Planning a Family Financial Retreat

Chances are you're long overdue for a money meeting—so make it a vacation with a mission

In our "Cash Conversation of the Month" series, we're highlighting big-picture discussions you should consider having with the key people in your life to help keep your money goals on track.

This week we're looking ahead to summer travel season and offering up a novel getaway idea: a family financial retreat.

You probably attended your fair share of family meetings growing up, where matters like report cards, negligent chores and maybe even a new addition to the household were on the docket.

But what about a money meeting to hash out topics integral to maintaining a high level of family financial literacy?

Given that just 37% of adults say they talk openly with loved ones about money, chances are you're long overdue for a financial pow-wow of your own.

Introducing the family financial retreat—a vacation with a mission.

Why This Convo Is So Important Being on the same financial page as a family is key if you want to achieve such goals as saving for college or fairly distributing an inheritance—yet money check-ins often land on the back burner.

"Most families live such harried lives that they don't take time to work on themselves as a family," says Courtney Pullen, a counselor who's facilitated hundreds of family financial gatherings and trains advisers to do the same. "The advantage of a retreat is that a family can step back—invest in themselves."

Whether you're aiming to plot out an estate plan or discuss your dream home wish list and budget, a family financial retreat is your golden opportunity to create a money game plan for the upcoming year.

How to Jump-start It The first step is to pick a locale. It can be anywhere—a cabin in the mountains, lake house or beach condo—as long as it's not your own couch.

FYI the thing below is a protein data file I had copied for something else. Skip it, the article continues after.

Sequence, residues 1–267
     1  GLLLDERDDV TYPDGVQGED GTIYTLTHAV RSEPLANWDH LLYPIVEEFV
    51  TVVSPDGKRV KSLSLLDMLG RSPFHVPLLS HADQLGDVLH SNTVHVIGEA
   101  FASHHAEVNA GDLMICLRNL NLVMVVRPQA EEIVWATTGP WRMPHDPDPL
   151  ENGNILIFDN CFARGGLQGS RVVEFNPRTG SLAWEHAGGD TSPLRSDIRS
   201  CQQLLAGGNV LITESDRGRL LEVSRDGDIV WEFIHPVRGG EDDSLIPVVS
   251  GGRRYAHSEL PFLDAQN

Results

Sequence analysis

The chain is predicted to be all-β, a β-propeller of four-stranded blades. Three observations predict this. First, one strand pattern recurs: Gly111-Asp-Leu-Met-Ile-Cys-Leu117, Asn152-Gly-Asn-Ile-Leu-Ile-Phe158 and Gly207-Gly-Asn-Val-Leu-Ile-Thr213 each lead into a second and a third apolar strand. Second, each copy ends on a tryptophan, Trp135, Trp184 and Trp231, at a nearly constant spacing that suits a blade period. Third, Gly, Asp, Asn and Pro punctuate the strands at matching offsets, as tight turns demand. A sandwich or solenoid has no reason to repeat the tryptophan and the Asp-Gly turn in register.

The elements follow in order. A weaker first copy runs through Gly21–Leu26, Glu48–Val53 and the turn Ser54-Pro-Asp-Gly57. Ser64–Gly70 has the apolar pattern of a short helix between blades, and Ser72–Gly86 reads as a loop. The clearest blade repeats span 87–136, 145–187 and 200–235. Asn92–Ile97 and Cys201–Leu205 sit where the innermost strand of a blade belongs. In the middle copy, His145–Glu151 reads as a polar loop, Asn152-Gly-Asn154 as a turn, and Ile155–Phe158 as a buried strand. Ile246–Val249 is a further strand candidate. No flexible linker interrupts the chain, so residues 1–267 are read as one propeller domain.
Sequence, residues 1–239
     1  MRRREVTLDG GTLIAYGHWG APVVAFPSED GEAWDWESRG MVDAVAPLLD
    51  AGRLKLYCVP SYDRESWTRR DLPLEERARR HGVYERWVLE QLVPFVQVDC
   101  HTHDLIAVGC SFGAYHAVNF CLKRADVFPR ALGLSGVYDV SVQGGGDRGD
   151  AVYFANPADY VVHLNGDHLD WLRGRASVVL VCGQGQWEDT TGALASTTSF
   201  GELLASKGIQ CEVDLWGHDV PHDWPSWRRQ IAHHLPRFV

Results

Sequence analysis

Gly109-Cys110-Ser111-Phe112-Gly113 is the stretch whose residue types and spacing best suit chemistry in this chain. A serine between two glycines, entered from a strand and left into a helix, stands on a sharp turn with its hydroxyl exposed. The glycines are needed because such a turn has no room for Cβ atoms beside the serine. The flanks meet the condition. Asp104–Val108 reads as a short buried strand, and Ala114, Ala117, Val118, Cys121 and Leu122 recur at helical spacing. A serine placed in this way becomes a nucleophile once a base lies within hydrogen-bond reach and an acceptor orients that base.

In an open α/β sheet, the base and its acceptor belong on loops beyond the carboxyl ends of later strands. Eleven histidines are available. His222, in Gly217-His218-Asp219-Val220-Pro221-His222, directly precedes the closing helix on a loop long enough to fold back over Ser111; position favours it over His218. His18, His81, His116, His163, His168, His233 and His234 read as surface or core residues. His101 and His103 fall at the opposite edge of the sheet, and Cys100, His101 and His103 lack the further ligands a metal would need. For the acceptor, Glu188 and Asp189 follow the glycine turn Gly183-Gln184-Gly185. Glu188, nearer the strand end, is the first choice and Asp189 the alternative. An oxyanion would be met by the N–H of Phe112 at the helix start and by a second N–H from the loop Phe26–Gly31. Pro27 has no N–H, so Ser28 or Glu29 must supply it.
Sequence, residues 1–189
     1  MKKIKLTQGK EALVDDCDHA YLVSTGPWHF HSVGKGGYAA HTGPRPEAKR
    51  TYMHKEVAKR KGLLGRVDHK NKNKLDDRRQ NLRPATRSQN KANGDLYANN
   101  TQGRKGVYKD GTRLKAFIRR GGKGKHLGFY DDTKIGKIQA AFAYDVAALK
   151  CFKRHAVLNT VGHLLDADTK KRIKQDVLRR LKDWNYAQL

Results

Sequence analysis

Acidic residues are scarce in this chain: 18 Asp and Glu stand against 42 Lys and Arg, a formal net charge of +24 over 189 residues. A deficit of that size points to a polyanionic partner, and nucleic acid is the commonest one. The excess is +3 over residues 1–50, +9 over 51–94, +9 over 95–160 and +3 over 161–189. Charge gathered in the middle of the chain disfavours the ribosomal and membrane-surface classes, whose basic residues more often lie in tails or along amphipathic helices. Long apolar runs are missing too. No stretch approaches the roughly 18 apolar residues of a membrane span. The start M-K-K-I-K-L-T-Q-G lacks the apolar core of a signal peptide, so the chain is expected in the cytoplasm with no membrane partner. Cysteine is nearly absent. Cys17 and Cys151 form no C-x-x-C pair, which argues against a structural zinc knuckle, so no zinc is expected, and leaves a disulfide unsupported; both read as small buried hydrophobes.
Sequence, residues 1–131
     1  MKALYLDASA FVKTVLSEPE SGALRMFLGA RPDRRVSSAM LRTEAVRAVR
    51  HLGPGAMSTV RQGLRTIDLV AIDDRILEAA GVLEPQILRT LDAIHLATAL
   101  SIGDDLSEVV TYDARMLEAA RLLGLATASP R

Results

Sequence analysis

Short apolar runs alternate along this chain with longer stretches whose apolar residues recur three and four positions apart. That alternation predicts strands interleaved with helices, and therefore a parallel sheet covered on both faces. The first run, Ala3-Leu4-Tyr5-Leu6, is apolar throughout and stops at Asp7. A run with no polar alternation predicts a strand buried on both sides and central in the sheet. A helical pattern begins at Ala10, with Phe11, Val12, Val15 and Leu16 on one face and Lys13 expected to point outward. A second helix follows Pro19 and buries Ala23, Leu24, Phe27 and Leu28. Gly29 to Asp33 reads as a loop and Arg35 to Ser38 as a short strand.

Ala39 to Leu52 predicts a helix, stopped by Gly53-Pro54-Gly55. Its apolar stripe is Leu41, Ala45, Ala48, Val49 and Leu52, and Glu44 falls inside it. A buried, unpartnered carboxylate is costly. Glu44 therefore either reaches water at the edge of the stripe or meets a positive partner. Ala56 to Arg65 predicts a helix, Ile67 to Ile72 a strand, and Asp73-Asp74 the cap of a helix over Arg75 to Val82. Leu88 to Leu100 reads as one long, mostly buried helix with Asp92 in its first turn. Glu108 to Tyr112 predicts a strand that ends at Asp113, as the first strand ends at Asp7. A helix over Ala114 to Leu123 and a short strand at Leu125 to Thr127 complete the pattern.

"Choosing a neutral place can reduce the emotional charge that can exist in a home," says Pullen, author of "Intentional Wealth: How Families Build Legacies of Stewardship and Financial Health." "Plus, you want it to be something family members will look forward to."

Next, decide if you'll run the retreat or hire a professional. While facilitating the meeting yourself is clearly more economical, a third party—like a Certified Financial Planner™, financial therapist or estate planner—can lead with more authority, especially if children are involved. (Depending on the financial professional you choose, the per-day rate can start at a few hundred dollars and go higher.)

"Most kids hear something from a financial adviser and think it sounds credible," he says. "But if their mom says the same thing, they're like, 'Oh, it's just Mom,' and may not take it as seriously."

Speaking of kids, it's O.K. to include children of all ages, but be mindful about talking points. While plenty of topics—like budgeting and allowance—are universally appropriate, discussions about drawing up your will may scare younger kids.

As for how to structure your retreat time, Pullen says there's no one-size-fits-all approach. While some people prefer to get tough talks—like how to eliminate a mound of debt—out of the way, others may want to ease into it by tackling lighter topics first, such as the family's budget for after-school activities.

Regardless of how you choose to plan your time, there are two topics that should top every family's agenda: communication and values. According to Pullen, they're not only great icebreakers, but they naturally lead to other eye-opening conversations.

For instance, when it comes to combating communication issues, ask everyone to evaluate how effectively the family discusses money matters—such as why you're sacrificing certain non-necessities in order to one day be debt-free—on a scale of 1 to 7.

"If the average score is 4.5, then ask, 'What are the things we don't do well? What would elevate that number to a 6?' " Pullen says.

To kick-start the values chat, Pullen suggests researching and printing a list of common values. Then ask each family member to read aloud their top five—and make it a point to further discuss the ones mentioned most.

A common value of "sharing," for example, can segue into a conversation about charitable donations, while a value related to "new experiences" could spark a conversation about travel planning and budgeting for it as a family.

Your last assignment? Goof off a little!

"Spend half of each day having a meeting, and the other half having fun," Pullen says.

Whether it's bike riding or river rafting, happy family bonding will bring you closer together—and make the retreat more memorable.


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Tags: investing